According to Lipper, about 96 per cent of (560) Islamic funds are actively managed, meaning managers attempting to capture alpha, why not an Islamic fund index capturing alpha? Lipper has one for GCC, why not one for Malaysia?

    Islamic finance has neither addressed the needs of non-bankable Muslims (may be 70-85 per cent of the 1.6 billion Muslims) nor its brethren, US$640 billion (RM1.9 trillion) halal industry (HI), separated at birth 1400 years ago. Irony of the situation is the HI is looking for compliant capital, yet IF does not understand the halal model or deemed too small to finance.

    Thus, can it be said IF has been driving the halal producers to Riba- based financing?

    Finally, the chairman of Malaysia Securities Commission Tan Sri Zarinah Anwar, stated in a keynote speech in 2007, “… how can Malaysia distinguish itself in the emerging market venture capital pool? Our belief is that Islamic VC provides that distinguishing factor.” Where is Islamic VC in Malaysia today?

    Q: What are some suggestions for Malaysia?

    A: Malaysia’s holistic approach to Islamic finance over last 27 years has made it a global intellectual property leader, but the mainstream media’s attention is on size, hence, traditional bias coverage in GCC. Some of the suggestions include;
    There are five FSA approved Islamic banks in the UK, a G20 country, but not one had a Malaysian founding shareholder, and, now, the European wholesale market may have potential for comparable profits to Indonesian retail.

    Surely, the Malaysian Islamic finance thought leadership did not miss and does not continue to miss Europe?

    Almost every presentation on syariah-compliant companies on Bursa Malaysia (BM) is about applying Securities Commission (SC) screening, yet there is very little GCC syariah-compliant portfolio investing on BM. Why not apply SC screens on Global, GCC, BRIC, Technology, etc, universe of companies? The end result just may be that the top 20 companies in these regions and sectors are similar to S&P syariah or AAOIFI screening, implying the Malaysian screening is not “liberal”.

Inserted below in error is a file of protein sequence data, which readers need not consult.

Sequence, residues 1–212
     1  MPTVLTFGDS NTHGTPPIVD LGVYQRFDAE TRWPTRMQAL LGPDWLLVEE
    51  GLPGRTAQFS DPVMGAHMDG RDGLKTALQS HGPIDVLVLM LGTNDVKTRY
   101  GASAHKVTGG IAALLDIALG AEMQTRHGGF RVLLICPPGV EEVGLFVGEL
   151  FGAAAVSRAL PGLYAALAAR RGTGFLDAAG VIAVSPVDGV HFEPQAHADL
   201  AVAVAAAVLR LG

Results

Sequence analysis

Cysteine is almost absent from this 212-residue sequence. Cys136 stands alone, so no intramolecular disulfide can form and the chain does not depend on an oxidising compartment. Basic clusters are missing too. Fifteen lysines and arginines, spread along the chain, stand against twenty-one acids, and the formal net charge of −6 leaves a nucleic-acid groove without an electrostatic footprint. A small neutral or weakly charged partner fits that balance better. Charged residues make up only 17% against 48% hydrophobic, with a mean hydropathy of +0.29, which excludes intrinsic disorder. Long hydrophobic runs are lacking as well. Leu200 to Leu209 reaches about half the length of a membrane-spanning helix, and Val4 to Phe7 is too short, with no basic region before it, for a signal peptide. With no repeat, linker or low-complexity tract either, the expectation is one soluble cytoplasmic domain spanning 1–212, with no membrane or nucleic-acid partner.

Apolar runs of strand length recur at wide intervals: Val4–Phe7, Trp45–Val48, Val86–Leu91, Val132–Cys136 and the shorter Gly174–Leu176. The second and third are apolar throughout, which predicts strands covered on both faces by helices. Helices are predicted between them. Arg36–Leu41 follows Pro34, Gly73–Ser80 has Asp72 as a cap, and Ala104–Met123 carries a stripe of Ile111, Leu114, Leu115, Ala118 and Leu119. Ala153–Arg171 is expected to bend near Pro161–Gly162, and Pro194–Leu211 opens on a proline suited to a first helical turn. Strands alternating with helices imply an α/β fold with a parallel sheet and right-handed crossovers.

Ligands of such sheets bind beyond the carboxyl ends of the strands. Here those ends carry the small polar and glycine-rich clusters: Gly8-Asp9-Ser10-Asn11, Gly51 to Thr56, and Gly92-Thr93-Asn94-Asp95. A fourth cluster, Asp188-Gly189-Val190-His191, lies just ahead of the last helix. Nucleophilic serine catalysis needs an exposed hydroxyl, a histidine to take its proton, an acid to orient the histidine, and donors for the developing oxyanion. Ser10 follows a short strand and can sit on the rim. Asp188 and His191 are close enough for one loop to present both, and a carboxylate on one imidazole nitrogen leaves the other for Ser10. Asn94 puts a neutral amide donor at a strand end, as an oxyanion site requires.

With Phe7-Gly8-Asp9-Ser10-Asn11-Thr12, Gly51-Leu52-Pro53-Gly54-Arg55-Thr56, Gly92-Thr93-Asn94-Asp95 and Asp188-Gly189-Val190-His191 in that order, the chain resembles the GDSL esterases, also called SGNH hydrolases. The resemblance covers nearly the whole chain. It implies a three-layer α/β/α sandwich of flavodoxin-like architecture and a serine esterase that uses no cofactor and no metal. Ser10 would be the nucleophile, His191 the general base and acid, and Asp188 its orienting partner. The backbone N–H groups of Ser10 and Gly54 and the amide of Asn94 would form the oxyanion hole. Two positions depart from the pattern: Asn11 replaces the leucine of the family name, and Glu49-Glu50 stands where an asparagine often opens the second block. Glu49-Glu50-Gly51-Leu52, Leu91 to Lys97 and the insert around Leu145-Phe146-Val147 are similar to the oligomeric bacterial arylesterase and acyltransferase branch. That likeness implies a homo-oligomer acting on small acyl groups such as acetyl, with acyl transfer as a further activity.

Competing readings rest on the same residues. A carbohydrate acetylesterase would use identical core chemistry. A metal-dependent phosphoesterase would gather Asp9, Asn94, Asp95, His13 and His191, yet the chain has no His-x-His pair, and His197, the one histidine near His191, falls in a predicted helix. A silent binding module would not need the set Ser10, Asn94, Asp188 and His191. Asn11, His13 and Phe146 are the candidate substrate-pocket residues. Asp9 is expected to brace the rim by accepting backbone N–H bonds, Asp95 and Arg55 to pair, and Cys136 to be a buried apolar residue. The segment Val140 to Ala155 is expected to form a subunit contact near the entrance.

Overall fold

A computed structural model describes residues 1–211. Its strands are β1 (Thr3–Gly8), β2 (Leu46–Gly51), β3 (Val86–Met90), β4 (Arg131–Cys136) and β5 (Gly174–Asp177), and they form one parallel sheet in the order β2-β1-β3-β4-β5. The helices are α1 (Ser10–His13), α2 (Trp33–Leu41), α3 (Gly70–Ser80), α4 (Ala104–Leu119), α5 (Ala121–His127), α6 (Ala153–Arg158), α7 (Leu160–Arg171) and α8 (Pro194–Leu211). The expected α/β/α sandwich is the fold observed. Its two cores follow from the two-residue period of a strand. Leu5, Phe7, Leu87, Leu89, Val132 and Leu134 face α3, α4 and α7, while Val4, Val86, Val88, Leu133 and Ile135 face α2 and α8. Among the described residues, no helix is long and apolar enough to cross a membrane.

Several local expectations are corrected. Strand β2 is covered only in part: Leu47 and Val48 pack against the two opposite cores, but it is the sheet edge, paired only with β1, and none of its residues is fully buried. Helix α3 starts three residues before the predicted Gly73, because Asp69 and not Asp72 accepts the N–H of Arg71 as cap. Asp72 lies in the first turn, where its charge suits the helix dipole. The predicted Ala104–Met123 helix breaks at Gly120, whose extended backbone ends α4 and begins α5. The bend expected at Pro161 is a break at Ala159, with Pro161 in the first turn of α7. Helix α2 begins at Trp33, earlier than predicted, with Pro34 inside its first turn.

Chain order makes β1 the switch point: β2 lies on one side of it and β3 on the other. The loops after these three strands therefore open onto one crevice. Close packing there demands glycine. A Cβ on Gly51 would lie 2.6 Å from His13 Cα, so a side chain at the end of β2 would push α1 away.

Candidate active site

Investors in the GCC are more interested in market share leading Islamic banks than their products, yet the major players in Malaysia are Islamic subsidiaries, CIMB and Maybank, of conventional bank holding companies. Spin-offs would not generate buzz and interest, but also contribute to build out of syariah based indexes.

    We do not have an Islamic asset management hub, and it is here Malaysia can lead without cheerleading. A rich mixture of asset managers, ETF experience, a SWF openly invests Islamically, Hajj fund, etc., and combined with order flow platform and human infrastructure could cause concern for traditional hubs of Singapore, London and Geneva.

    Q: Is Malaysia’s IF model exportable to countries?
    A: Malaysia’s model is thought through, time consuming, holistic and stakeholder oriented, and led by visionary and committed leaders like prime minister, finance minister, central bank governor and SC chairman. Countries like Kazakhstan, Kenya, Australia, France, etc., all want to be IF hubs to tap the petro-liquidity, but all seem to be in a hurry.

    Can the time frame be compressed without consequences? Maybe, but levelling the regulatory and legal playing field is only the beginning. Funds must be set aside for training (bankers and scholars), as seed money for funds (to jump start IF), marketing and PR (to address myths and misconceptions), and so on.

    The visibility to IF 2.0 may be clear with fresh AIR, but climbing the narrow and winding mountain road will have challenging speed-bumps and potholes. It will be an interesting ride to stay within guardrails and avoid the unknown over the upcoming articles!

    The writer is Global Head of Islamic Finance for Thomson Reuters and is based in New York.

    Best Regards

  • University of Glasgow, Scotland

    Palestine, I Hear You – A Poem

    A very inspirational and powerful poem by Lilian Rosengarten. May Allah free Palestine from the zionist.

    Palestine, I Hear You – A Poem

    By Lillian Rosengarten Available at:

    Palestine! You call to me with whispers of pain.
    You speak of lost poets, children who cry for lost parents, lost teachers
    lost childhoods, dreams torn from their roots, mangled in a desert gone dry.
    In this place, water is poisoned, air putrid from the blood belly of war
    There is no escape, only sleep ravished by nightmares or death.

    I want to hear your poetry
    and tell you mine.
    I want to look into your eyes and see myself in you.
    Down! Down beneath the graves I hear your cries
    Muffled in a shroud of deception. You don’t exist.

    Israel, you are no longer my Israel.
    You punish those you call Arabs, dirty Arabs.
    Sad peoples of Palestine spit on and defiled, kept behind a wall.